Design thinking in development engineering education: A case study on creating prosthetic and assistive technologies for the developing world

Elsevier, Development Engineering, Volume 3, 1 January 2018
Ranger B.J., Mantzavinou A.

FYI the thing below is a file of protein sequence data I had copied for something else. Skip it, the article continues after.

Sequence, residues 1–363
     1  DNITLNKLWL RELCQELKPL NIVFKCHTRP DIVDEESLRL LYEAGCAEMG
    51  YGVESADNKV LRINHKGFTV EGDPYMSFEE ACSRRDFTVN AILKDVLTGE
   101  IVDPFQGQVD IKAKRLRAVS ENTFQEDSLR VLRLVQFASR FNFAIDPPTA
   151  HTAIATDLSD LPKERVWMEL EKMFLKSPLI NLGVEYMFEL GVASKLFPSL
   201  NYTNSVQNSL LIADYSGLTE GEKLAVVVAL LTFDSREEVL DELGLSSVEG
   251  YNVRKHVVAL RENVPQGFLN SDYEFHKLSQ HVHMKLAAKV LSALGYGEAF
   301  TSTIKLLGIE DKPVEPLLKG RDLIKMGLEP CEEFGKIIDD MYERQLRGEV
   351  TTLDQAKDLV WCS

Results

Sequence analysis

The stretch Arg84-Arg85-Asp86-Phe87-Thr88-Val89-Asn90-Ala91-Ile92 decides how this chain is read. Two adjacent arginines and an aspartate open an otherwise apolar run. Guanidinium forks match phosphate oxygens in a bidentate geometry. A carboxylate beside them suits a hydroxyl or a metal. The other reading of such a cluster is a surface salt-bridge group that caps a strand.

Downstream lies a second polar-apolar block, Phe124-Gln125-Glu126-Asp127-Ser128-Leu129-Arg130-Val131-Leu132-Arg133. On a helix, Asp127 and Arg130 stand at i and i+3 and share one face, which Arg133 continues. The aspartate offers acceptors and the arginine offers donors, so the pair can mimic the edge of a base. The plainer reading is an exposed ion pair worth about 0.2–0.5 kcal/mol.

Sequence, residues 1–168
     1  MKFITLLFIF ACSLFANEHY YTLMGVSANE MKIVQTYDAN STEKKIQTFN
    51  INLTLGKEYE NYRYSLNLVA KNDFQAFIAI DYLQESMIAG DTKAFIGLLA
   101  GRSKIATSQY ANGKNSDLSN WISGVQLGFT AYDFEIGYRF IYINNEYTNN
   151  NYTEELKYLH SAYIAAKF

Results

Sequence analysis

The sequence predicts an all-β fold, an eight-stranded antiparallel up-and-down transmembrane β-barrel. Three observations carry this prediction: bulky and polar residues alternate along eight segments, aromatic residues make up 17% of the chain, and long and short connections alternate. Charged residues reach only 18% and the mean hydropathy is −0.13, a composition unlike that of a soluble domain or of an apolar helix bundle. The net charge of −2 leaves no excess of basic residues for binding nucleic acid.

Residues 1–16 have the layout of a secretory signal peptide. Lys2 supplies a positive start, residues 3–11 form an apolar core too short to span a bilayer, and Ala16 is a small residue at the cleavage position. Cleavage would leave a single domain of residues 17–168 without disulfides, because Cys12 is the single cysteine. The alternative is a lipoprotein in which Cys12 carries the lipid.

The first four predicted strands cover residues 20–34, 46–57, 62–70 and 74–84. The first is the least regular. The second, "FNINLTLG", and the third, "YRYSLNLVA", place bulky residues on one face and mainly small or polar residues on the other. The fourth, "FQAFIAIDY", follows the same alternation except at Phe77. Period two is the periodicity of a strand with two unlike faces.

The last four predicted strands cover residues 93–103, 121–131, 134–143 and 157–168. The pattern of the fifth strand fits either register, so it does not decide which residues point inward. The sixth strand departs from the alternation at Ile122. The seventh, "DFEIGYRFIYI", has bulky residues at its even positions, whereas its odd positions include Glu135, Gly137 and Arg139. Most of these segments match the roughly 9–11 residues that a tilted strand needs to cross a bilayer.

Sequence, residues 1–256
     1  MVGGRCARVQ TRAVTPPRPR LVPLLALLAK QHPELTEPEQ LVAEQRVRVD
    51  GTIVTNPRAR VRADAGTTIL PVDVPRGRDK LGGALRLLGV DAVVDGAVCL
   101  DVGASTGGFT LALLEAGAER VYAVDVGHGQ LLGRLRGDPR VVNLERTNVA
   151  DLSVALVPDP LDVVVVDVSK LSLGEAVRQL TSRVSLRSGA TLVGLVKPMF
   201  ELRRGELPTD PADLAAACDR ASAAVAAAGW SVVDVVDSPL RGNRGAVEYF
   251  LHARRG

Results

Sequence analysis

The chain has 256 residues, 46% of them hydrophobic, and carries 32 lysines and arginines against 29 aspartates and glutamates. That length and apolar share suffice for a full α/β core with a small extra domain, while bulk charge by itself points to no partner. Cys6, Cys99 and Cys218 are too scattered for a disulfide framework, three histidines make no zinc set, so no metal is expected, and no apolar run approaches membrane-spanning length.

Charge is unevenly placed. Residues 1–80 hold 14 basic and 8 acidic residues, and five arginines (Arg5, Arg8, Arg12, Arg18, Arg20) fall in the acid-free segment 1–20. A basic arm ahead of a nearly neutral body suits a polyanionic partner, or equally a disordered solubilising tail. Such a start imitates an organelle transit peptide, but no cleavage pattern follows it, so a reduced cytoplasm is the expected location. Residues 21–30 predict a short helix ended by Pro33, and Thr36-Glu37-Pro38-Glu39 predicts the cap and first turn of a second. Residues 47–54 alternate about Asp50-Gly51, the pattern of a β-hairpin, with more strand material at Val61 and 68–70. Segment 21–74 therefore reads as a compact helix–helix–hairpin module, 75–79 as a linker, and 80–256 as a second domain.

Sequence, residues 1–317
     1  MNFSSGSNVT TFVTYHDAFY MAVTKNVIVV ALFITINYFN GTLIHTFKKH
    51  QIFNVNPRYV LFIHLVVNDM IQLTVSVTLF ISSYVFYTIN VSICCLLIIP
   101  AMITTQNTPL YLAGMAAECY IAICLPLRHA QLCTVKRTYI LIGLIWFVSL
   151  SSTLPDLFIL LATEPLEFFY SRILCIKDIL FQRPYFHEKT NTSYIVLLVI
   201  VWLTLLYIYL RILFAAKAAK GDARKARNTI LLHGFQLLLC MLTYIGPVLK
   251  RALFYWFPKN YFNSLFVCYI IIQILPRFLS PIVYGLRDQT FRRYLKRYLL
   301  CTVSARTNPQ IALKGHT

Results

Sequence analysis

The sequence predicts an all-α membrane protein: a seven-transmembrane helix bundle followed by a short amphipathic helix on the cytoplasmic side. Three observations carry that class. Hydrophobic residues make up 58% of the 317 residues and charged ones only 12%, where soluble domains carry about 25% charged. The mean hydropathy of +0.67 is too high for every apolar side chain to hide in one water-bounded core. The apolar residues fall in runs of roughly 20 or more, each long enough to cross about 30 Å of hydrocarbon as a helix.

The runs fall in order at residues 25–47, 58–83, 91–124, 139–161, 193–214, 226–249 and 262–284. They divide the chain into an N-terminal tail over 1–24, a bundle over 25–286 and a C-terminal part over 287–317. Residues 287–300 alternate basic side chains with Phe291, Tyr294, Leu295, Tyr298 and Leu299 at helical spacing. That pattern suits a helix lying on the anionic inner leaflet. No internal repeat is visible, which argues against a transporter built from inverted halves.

A human-centered design thinking approach has been applied to a course at the MIT D-Lab on creating low-cost prosthetic and assistive devices for the developing world. Teams of students with diverse backgrounds are paired with international stakeholders and industry partners to tackle real-world prosthetic technology needs, learn the design process through interactive lectures and workshops in the classroom, and are given the opportunity to conduct testing of the prototypes generated during the semester at field sites around the globe. The revamped course offers a fully immersive design experience that extends beyond the classroom and the semester by stimulating further research, inspiring and motivating student professional development, raising additional grant money and generating peer-reviewed publications and intellectual property. A multifaceted and nontraditional engagement with industry partners, as developed in our course, provides a novel and promising model for development engineering courses to afford unique opportunities to their students. As a result of our new course initiatives mean student enrollment has tripled and total project continuation beyond the end of the class has exceeded 60%. In this paper, we outline our framework for incorporating human-centered design thinking into development engineering education, provide outcomes, and present case studies of select projects that have successfully emerged from our course. Our novel pedagogical approaches and collaborative efforts showcase a promising way to engage students in impact-focused project-based learning with long-term benefits for their projects as well as their career development opportunities.